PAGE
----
Where Does 'Spitting Image' Come From?

‘Spitten image’? ‘Spirit and image’? ‘Spit and image’? Oh dear.

Spitting image ("someone who looks very much like someone else") has many origin stories. Before you read any further, however, you should consider yourself forewarned that this article will not attempt to claim to have proved with certainty the trustworthiness of any of them. If you would seek certainty in life, go read the scores for yesterday’s sports games. If you would embrace the messy and chaotic uncertainty of language, then read on.

spitting image

'Spit' was historically used to mean "perfect likeness," possibly because it was said that a child looked enough like a parent to have been spit out of the parent's mouth. There are, however, other theories.

Before we had spitting image there was another version of this unsavory-sounding expression, which was spitten image. Spitten is believed to be a corruption of the words “spit and,” as spit formerly had the meaning of “perfect likeness.” There is evidence of spit being used in this fashion from the early 19th century:

Meanwhile the defeated lawyer with his fair one had secretly fled to private furnished lodgings, at the house of Mr. Thomas Prior … where she was brought to bed of a daughter, his acknowledged child, but according to the report of the nurse, “the very spit of the old Captain.”
The New Newgate Calendar, 1810

I saw a dead snake tother day—its (sic) a monstrous ugly beast, Pat--Did you ever see that one among the curiosities at Derry? Ogh! It is the very spit of it--only a great deal bigger every way….
The Philadephia Gazette, 26 Jun., 1816

By the middle of the 19th century we begin to see evidence of the words spit and image used in conjunction.

The nurse and her sister then retire up the stage, and confer a while in dumb show; after which they approach the crib of the infant Pidgeon, the nurse turns down the cover, and at a sight of the infant, the sister clasps her hands together and energetically exclaims, “Oh, it’s the very spit and image of my own baby! as like my little baby as two peas!”
—Horatio Newton Moore, Fitzgerald and Hopkins: Or, Scenes and Adventures in Theatrical Life, 1847

Spitten image followed spit and image, and finally spitting image began to see use at the end of the 19th century. The initial reason given for why we should have used spit in this manner is that it was said of a child that he or she looked enough like a parent to have been spit out of their mouth. Spit has been so used since at least the late 16th century.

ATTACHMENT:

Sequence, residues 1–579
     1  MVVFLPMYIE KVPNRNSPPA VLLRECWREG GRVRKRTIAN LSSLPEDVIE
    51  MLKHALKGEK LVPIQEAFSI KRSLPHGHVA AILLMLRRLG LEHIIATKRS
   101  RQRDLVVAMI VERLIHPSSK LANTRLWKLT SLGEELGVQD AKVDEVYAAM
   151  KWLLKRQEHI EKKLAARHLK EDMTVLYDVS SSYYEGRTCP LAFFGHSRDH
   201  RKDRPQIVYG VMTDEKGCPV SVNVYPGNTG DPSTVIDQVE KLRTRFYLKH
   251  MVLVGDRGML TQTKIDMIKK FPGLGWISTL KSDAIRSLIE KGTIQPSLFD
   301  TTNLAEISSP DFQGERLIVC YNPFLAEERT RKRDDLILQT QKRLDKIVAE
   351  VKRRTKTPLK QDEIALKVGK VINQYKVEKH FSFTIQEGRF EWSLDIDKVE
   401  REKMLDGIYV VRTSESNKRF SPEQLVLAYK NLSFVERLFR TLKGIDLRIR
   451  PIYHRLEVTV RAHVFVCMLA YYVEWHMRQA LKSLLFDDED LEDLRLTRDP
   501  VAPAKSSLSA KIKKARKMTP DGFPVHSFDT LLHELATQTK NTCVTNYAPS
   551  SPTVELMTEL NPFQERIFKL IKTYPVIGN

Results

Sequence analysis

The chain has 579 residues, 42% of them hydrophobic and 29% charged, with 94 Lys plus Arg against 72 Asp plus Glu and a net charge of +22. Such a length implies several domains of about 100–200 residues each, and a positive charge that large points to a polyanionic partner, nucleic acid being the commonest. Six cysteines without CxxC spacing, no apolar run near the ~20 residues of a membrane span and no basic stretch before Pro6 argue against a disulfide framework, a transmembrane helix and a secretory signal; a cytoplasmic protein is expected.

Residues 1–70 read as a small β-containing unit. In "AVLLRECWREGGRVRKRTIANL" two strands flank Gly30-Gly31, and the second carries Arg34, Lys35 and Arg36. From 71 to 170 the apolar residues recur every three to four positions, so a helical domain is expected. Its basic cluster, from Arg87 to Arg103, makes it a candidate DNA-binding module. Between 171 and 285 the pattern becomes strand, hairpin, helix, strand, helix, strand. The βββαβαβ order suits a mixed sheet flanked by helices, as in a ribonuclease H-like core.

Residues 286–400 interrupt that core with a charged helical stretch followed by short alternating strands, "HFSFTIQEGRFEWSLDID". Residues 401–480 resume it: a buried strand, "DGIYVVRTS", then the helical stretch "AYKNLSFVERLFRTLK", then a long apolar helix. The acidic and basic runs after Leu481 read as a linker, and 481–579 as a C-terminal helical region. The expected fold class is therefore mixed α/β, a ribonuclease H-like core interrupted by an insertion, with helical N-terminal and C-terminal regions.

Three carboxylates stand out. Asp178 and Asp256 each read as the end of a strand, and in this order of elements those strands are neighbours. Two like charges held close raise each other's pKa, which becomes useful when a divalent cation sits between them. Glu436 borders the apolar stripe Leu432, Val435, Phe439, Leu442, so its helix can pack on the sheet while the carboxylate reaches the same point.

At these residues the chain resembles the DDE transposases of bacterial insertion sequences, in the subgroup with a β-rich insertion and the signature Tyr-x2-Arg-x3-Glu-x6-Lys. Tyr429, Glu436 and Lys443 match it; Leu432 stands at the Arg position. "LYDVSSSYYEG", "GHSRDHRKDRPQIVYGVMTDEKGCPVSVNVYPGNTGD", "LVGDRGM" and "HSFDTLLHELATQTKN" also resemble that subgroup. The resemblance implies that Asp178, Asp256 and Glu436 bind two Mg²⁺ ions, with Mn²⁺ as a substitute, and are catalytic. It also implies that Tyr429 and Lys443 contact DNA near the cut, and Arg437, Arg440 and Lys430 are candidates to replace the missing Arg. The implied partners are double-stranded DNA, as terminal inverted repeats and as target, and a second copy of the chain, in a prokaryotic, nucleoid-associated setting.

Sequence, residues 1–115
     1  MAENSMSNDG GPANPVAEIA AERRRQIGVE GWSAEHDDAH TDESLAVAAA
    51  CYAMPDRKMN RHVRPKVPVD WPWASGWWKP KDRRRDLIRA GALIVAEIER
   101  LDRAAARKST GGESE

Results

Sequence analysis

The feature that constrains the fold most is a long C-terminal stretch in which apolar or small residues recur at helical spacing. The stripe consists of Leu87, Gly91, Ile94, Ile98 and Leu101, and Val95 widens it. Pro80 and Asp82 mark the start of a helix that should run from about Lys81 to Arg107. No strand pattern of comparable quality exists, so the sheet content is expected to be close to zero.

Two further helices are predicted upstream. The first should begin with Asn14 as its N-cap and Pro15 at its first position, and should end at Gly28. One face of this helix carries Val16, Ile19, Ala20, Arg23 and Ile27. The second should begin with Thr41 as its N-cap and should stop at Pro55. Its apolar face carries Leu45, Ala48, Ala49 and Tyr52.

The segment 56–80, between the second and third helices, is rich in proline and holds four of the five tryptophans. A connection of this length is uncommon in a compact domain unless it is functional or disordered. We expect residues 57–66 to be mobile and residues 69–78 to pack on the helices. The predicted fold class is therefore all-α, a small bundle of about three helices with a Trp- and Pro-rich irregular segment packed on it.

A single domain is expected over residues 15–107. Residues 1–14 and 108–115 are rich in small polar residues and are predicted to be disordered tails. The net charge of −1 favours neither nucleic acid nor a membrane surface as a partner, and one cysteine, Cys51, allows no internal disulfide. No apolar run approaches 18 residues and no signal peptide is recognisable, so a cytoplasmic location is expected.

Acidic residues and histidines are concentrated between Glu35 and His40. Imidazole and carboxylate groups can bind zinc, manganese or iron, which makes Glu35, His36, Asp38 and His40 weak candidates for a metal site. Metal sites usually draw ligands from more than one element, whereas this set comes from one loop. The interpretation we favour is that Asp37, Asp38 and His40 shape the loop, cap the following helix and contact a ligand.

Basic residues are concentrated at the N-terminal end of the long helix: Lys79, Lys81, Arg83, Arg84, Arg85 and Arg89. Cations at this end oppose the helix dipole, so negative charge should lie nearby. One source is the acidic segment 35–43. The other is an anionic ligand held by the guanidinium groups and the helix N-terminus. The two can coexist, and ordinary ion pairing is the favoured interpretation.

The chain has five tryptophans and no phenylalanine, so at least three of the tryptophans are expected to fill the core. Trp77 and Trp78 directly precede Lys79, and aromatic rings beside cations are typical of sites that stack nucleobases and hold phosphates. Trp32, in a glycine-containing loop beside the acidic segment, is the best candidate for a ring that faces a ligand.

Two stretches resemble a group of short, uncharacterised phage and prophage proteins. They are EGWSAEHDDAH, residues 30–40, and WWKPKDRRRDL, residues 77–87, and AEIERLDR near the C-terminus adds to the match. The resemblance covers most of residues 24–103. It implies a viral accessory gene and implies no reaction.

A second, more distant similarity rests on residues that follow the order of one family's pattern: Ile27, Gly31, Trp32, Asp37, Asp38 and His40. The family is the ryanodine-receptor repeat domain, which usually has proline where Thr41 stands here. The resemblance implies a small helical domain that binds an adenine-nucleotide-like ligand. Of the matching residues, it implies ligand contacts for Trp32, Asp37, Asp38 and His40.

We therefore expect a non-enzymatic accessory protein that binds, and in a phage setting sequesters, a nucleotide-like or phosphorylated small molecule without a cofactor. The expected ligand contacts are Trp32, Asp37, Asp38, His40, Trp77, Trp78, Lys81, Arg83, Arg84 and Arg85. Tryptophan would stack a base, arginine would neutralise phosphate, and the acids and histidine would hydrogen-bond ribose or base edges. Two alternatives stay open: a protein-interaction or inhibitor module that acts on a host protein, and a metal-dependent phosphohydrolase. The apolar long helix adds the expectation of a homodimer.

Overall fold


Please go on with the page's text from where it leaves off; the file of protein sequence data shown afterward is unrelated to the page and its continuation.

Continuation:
…as like the papists, as if they had beene spit out of their mouthes.
—William Charke, An Answeare for the Time…., 1583

So it would appear that the metaphor of spitting something out of one’s mouth gradually shifted to become the very spit of (something), which then turned into spit and image, which in turn became spitten image and settled on spitting image. Is the matter settled? No, of course not.

The above theory is the most likely one, but tracing a dialectical expression that has changed its form multiple times over hundreds of years leaves room for all sorts of alternate theories. Some of these are that spitting image comes from the words spirit and image (which itself may come from 19th century African-American usage, Benjamin Franklin, or any one of a number of other sources); that it was borrowed from a similar French expression; or that the spit in question may be a Biblical reference to another bodily fluid.

What of splitting image? Is there any chance that this version, in which a thing is split in two, thus providing an exact likeness, is the origin of the expression? It seems quite unlikely. This common variant (some might unkindly refer to it as a mistake), does not crop up until well into the 20th century.

All Louise’s friends tell her she is the living splitting image of one of the Gish sisters—which one, they don’t quite remember.
The Evening Star (Washington, DC), 10 May, 1925

The younger Colman, who is said to be a splitting image of Ronnie, is a radio commentator.
—Dan Thomas, The Santa Ana Register (Santa Ana, CA), 28 Jun., 1935

It is easy to dismiss splitting image as a mistake, and dictionaries do not enter it as a headword (although this may have as much to do with its relative paucity of use as with its lack of correctness). Yet when one considers the myriad forms that this expression has taken over the centuries, and the fact that each new version could rightfully be considered a mistake, it is difficult to say that splitting image will not one day have its moment in the sun, and be considered every bit as proper as spitten image, spit and image, or any of the others.